THEY have been at this a long time. In 1994 Republicans, newly in charge of Congress, held hearings on what would come to be called “dynamic scoring”. Bills, they said, should be evaluated using the predictive power of macroeconomic models. If the model predicts more GDP growth, then it could be inferred that the growth would produce more tax revenue. During the hearings, however, came an awkward moment. Alan Greenspan, then in charge of the Federal Reserve, told Congress that macroeconomic models were “deficient”. That is, their predictive power, though interesting, was not good enough to rely on. Last year, after the election of Donald Trump, your blogger contacted Mr Greenspan to see whether the models were good enough yet. Mr Greenspan, his office responded, had not yet changed his opinion.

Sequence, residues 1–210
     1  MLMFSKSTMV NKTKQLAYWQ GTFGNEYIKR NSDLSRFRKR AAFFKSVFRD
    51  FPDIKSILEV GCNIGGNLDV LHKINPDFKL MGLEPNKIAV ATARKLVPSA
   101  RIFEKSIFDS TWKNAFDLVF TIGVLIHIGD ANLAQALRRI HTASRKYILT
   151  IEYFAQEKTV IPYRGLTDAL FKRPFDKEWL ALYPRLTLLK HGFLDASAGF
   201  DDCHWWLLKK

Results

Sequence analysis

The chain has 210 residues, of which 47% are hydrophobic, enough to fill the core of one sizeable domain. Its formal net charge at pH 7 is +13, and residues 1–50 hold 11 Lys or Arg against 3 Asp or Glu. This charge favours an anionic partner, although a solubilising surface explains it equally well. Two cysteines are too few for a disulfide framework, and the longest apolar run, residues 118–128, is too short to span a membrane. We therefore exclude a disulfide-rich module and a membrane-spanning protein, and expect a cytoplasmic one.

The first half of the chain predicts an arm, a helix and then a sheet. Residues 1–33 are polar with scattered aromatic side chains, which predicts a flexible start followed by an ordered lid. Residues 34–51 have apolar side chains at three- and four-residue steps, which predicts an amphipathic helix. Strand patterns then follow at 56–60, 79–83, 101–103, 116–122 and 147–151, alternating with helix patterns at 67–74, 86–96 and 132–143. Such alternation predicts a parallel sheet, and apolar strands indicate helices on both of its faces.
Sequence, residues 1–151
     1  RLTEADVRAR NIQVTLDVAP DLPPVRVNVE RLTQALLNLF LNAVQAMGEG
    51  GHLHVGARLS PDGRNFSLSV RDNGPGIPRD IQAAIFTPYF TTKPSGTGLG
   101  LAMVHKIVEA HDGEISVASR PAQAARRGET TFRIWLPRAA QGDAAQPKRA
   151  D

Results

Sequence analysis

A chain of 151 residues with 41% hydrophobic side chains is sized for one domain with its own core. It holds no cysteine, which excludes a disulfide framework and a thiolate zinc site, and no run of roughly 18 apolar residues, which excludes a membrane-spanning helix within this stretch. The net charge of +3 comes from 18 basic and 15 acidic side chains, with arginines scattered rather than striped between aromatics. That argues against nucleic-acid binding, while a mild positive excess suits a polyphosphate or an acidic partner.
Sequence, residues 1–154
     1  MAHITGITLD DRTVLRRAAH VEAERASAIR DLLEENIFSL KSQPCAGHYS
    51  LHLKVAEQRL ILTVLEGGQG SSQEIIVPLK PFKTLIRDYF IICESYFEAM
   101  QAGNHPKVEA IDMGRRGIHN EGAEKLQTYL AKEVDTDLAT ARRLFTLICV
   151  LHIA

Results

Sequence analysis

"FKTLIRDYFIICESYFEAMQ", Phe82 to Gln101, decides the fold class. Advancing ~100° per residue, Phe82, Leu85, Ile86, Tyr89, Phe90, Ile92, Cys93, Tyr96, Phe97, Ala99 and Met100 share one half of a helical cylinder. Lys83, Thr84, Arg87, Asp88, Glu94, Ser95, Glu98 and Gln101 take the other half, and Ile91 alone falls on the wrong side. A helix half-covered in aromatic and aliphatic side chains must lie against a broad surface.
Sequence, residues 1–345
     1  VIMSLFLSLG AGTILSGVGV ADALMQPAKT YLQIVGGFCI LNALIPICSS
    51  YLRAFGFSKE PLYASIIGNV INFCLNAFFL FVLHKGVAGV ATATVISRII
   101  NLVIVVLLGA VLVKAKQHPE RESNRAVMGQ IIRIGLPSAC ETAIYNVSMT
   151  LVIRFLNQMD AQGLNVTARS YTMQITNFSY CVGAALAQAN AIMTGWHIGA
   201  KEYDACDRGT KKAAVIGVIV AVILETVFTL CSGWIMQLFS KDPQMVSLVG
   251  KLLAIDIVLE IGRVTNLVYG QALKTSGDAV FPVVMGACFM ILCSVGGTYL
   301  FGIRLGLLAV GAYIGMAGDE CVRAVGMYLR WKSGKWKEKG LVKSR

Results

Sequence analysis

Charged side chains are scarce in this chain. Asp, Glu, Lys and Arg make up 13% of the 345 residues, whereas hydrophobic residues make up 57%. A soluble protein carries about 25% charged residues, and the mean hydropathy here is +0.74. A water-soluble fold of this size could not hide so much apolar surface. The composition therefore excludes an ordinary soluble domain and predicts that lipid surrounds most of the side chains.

Neither have Republicans. Over the past two decades, in and out of control of Congress, the party has nudged dynamic scoring successively closer to the official policy process until we arrived, yesterday evening, at as dramatic a moment as macroeconomic analysis ever gets. The Joint Committee on Taxation, the nonpartisan Congressional body responsible for evaluating tax proposals, hurried its study (PDF) out on a Thursday afternoon as the Senate was preparing to approve a tax cut. That cut, using the dynamic scoring method Republicans had championed since the age of Newt Gingrich, would still cost $1trn.
Category: Business and finance, Free exchange